The Hyperventilating Samurai
It was a panic attack in July of 2005 that led to the organizing principle behind this True/Slant page.
That summer, when my son was six months old, my wife Emily and I took him with us on a trip to the South of France—his first time on an airplane. As soon as we were in our seats, he took his pacifier out of his mouth and threw it into the aisle. My son was a squirmy, energetic baby who didn’t often sit still or let his parents sit still.
Seven hours of reaching down into the aisle to pick up the pacifier later, we landed in Paris. I hadn’t slept, and the time change was already making me feel weird, but we had to board another plane and fly another hour-and-a-half to Marseilles. I sat the kid on my lap and buckled up.
I’d never suffered from a fear of flying. When I was a kid, I always enjoyed airplane rides. Going up to visit the pilots in the cockpit, getting the little plastic pin to wear on my shirt. I even liked the food for some reason, the novelty of it, I guess—the tomato juice, in those slender tin cans with the teardrop shape silver-tape over the hole in top. As an adult, too, I always thought of flying as a good time to read or write or watch a bad movie. Skip the food, but have a couple drinks and bring a sandwich. I found plane travel, if anything, relaxing.
That day, though, was different. The kid fell asleep soon after take-off. I didn’t want to risk waking him to get out a book, as my wife had done across the aisle, so I just sat there and looked around. It was a small plane, one cabin, four seats across. I did a rough head count and guessed maybe 45 passengers. Everyone else seemed to be elderly French people heading to the beach. When we reached cruising altitude, and the fasten seat beats sign dinged off, despite the captain’s recommendation we stay in our seats with our seatbelt’s fastened, everyone stood up and got loud and boisterous, visiting with friends, opening the overhead luggage containers, talking, laughing. I swear a couple of them lit cigarettes. After a couple of minutes it occurred to me that this was just the type of flight that would go down. Everyone was so carefree, having fun, scoffing at the rules, moving around way too much on such a small plane 30,000 feet above the earth. And me sitting there with this tiny person strapped to me, asleep, snoring his familiar wheezy snore. I felt his breathing against my belly. Then I started to feel dizzy.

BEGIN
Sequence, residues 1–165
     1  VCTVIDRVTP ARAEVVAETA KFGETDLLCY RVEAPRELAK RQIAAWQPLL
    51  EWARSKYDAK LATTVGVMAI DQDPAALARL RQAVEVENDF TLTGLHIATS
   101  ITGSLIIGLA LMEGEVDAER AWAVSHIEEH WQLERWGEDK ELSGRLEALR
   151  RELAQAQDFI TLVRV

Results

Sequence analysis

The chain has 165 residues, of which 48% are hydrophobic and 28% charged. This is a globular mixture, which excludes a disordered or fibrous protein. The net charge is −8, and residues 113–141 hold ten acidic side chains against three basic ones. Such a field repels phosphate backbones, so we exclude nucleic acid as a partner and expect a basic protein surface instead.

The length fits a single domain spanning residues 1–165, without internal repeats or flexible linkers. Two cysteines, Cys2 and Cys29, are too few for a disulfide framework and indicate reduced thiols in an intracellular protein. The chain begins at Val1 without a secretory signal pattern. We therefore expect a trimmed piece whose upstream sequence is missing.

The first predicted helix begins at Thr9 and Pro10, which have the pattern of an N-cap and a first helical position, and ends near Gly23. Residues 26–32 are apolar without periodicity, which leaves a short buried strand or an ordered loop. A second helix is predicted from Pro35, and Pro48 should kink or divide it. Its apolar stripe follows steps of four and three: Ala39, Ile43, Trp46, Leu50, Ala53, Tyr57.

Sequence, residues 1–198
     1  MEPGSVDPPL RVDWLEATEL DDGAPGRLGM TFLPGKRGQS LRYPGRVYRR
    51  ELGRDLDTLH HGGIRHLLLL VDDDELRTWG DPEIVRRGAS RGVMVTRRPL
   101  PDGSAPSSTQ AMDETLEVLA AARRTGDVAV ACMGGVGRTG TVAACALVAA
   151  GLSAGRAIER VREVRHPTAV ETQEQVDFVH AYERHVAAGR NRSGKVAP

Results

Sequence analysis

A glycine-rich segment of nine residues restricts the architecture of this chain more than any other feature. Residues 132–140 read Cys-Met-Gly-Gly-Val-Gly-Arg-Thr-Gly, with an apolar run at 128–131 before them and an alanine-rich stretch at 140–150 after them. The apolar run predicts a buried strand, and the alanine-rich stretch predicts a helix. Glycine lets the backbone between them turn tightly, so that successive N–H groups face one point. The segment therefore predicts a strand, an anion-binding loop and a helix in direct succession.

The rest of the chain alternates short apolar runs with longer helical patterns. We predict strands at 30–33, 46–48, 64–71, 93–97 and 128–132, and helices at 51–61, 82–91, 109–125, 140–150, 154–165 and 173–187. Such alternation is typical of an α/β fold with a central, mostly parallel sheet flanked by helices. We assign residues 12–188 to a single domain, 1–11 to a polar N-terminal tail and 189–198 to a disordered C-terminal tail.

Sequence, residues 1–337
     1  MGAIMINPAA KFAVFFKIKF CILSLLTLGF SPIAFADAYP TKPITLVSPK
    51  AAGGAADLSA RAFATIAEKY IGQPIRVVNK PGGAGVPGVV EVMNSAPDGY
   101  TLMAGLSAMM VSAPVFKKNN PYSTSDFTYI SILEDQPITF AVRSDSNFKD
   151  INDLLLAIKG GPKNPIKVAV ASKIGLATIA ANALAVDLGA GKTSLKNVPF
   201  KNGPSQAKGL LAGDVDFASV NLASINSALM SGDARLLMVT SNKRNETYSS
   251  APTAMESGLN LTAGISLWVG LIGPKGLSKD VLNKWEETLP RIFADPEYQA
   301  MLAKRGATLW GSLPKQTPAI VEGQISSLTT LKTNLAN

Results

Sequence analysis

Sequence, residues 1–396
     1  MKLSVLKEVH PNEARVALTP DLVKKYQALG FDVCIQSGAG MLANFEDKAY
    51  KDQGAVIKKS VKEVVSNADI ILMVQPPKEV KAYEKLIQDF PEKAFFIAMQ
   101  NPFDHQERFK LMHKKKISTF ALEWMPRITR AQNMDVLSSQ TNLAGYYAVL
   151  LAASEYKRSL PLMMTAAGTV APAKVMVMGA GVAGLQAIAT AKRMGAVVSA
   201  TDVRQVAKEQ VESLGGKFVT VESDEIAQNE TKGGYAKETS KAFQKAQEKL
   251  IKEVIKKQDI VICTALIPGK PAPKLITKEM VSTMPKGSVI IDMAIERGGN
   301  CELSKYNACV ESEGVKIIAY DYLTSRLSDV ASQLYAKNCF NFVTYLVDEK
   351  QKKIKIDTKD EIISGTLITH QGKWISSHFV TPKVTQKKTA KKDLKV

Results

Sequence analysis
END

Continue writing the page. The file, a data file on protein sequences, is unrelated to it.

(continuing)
I realized, later, thinking back, that the way I’d always dealt with the fear that came with flying—with all fear, maybe, at least as an adult—was to focus intently on the possibility of the very worst happening. During take-offs, rather than try to push thoughts of the plane crashing out of my mind, I would embrace them and slow them down, imagining the bank slipping out of the pilot’s control, how it feel to go into a spin. I’d envision the luggage flying around the cabin, the screaming, the plummet. I think I’d read something about this idea in an Asian philosophy class in college, but more distinct in my mind is the voice of Forest Whitaker, as the modern-day samurai in the Jim Jarmusch movie, Ghost Dog: “Meditation on inevitable death should be performed daily.” It always worked. I’d look around, see other passengers gripping the handles of their armrests, knuckles white, jaws clenched. But I’d be calm, breathing easy, accepting the thought that if today was the day, well, I’d had a pretty good life. We all gotta go sometime. In fact, I made a habit of leaving my seatbelt unbuckled, in recognition of the fact that I was in the hand of fate—and that a seatbelt wasn’t going to save me if this 75-ton hunk of metal went down.
I wrapped my arms around the kid and clutched him closer. My mouth went dry and I felt cold and clammy under my shirt. I breathed hard, puffing my cheeks out like I was blowing out candles on a birthday cake, but it felt like I wasn’t getting any air into my lungs. What were these people doing standing up in the aisles? Leaning against the seatbacks, chatting in French as if we weren’t all about to die. Some of us too young, too innocent, having never even walked yet, having never spoken a sentence. It seemed unfair in a way I couldn’t reconcile.
Emily looked up from her book. “Are you okay?” she said. “You don’t look so good.”
My lips stuck together when I opened my mouth. “Water,” I gasped. “Water.”
Emily waved for a stewardess and asked me what was wrong.
“I’ll be okay,” I said, concentrating on breathing. “I’m having a little problem. I feel like I might pass out.”
“You want me to take him?” She nodded at the kid. “You’re white as a ghost.”
“Wait a minute.” My voice sounded like it was coming from somewhere next to me, but the notion of water made me feel a little better. “No. I think I’ll be okay if I get some water.”
Water came and it helped. I found my breath and the vertigo passed. And though Emily said it took a while for the color to return to my face, I was able to tough it out for the rest of the flight. The plane didn’t crash.
Seven days of picking pacifiers up off French floors later, I made it through the two flights home without a similar incident—with the help of drinking more than usual. Air travel has not been easy since. I always buckle my seat belt now. Even when the kid’s not on board, my old devices don’t work as well. Meditating on inevitable death doesn’t make me feel better like it used to. Parenting has made certain realities, certain possibilities unacceptable. The worst-case scenario has gotten way, way worse.